Nearly a month went by without any new posts, despite my recent statements about blogging in earnest. I found that teaching writing classes not only involved lots of time grading papers but also focused my interest on writing. I'm actually writing a lot in various journals and notebooks, but was not focusing in the short run on material I wanted to post here. Finally, in the month of July, I managed to resume my average of one post per day for the month. I plan to surpass that volume from here on out. What I post here, combined with my daily writing in journals, is mostly fine-tuning what I hope to publish in a memoir about my experiences in education as student, parent, teacher, supporter and critic.
Meanwhile, I am still available for guiding local nature hikes. Contact me at firstname.lastname@example.org to inquire about rates and parameters of time, distance, and personal needs regarding matters of health and fitness.
I have been teaching since 1965 and have recently joined the English Department as an Associate Faculty member at Feather River College. Recently taught Nature Literature in America and am currently teaching Interpersonal Communication and Basic Reading and Writing.
As I said in my previous post, I was not planning on going beyond my front yard. But the forest across the driveway beckoned. It was very hot, of course, and I was tired and grimy, but I just had to bring my camera up the hill a bit and see what I could see. The first photo is of some Thimbleberries that were not quite ripe. A tease. Almost immediately, I realized I am more at ease in this forest than I am in my own front yard. My next photo is of the Trail Plant. The tiny flowers at the top of long stems, and barely noticeable, but when closely observed, they are obviously in the Daisy or Aster family. The leaves are green on top and grey underneath. When you walk through a dense patch of this plant, enough leaves are turned aside that you leave a visible trail for your return trip. For s short time, that is. They soon turn back and show only the green tops.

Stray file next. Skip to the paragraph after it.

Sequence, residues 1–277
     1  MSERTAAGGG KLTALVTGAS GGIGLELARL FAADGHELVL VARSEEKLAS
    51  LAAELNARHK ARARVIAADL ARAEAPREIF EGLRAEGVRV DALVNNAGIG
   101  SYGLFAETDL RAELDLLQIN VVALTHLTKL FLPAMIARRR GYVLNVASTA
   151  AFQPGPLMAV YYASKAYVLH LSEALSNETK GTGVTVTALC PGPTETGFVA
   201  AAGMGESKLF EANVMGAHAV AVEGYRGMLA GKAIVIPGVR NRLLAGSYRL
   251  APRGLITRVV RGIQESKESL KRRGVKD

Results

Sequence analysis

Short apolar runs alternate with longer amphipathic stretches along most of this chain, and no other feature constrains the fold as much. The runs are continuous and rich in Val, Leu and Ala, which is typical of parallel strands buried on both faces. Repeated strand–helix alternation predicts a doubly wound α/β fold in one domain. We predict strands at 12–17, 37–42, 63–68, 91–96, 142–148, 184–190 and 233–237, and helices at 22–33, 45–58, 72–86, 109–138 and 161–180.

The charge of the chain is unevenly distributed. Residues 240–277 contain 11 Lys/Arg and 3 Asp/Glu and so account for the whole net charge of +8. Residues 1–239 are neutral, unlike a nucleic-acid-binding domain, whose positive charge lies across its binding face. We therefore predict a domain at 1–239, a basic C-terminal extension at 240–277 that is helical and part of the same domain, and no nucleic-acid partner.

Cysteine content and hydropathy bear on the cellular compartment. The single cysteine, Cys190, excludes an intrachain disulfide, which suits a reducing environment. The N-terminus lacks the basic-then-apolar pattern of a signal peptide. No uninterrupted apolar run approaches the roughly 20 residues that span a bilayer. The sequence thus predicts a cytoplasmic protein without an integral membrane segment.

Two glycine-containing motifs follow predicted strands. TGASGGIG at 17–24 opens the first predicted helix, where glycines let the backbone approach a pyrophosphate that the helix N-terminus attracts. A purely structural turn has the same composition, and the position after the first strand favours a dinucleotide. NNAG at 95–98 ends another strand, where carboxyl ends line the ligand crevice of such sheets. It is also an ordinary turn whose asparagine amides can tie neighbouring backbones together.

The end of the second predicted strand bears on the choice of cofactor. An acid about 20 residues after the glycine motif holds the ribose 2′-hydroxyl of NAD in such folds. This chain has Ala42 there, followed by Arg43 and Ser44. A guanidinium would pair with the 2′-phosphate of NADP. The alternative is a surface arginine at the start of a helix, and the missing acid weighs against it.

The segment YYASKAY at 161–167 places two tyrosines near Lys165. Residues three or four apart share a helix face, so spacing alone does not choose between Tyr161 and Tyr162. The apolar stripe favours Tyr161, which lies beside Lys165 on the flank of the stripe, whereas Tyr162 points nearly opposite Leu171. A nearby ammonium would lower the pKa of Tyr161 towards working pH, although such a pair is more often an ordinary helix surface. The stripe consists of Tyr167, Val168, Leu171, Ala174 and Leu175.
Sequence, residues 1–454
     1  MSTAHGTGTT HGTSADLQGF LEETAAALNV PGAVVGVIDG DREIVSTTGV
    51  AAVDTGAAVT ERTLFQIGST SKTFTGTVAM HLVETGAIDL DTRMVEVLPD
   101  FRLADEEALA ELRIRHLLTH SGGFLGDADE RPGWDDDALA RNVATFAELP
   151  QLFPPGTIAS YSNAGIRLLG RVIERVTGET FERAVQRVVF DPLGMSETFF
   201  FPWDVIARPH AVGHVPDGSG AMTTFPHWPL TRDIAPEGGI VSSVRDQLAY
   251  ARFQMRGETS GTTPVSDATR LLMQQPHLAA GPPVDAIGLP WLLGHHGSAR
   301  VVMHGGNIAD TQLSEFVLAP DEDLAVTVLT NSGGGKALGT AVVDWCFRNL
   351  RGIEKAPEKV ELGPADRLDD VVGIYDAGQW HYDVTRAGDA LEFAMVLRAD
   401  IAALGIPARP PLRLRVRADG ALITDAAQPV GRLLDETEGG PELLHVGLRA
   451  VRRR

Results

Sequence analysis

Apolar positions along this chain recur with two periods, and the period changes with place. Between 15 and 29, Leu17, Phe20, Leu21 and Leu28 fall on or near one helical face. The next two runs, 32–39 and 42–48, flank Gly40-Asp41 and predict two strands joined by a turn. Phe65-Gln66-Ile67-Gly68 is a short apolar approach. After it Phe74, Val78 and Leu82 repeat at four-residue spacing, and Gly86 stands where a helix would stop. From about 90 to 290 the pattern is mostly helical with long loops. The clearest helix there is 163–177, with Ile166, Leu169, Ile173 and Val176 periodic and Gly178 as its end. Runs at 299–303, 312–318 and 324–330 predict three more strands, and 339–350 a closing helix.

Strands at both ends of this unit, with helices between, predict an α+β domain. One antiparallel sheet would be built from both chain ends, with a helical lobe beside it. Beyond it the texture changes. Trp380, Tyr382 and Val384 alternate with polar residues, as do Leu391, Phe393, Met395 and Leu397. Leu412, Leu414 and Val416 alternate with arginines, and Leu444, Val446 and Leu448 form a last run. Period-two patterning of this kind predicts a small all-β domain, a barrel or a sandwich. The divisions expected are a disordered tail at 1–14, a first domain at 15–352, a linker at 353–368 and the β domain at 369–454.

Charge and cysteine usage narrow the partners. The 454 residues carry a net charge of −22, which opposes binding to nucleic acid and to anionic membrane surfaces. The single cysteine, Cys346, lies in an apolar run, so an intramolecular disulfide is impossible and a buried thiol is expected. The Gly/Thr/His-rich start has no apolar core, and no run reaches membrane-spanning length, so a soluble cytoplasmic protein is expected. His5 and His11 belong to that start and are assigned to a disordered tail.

I turned over a few large pieces of bark and found millipedes under a couple of them.
This cluster of berries of the False Solomon's Seal was looking shiny and healthy and before long they will turn bright red.
The White-stemmed Raspberry was beginning to ripen. This cheered me up and promised to quench my thirst. However, despite the bright red look, they were much drier and seedier than last summer, so I spit them out.
THe Oregon Grape is ripe and the leaves still look fresh and shiny. They have a waxy coating so they retain moisture better than many of the other broad-leaf plants in the area.
Like the Raspberry, the Thimbleberry in the sun looked very ripe and tasty, but they were even seedier than the Raspberries. Photogenic, but not that palatable.
When I got on the trail above my house, there was a nice view to the East where some thunderheads were gathering. This view is looking over the roof of my house in the foreground and Quincy Elementary School a few blocks further away. Argentine Ridge is in the distance.
Another Oregon Grape caught my eye. I wish they were as sweet as Blueberries.
The Prince's Pine has gone to seed along the trail, but still looks somewhat like a flower.
Despite the dry weather, there is apparently enough moisture under logs and pieces of bark to keep the termites alive. A also saw a few ground beetles but they escapes before I could click the shutter.
I forgot the name of this cute little plant (below). Most of them were wilted, but this one still looks fairy fresh. I'll find the name again and insert it later.
Last, the currants are ripe and actually tasted reasonably sweet. I went back to the house with my addiction satisfied. Tomorrow is another day. I'll wake up cool with my camera battery charged.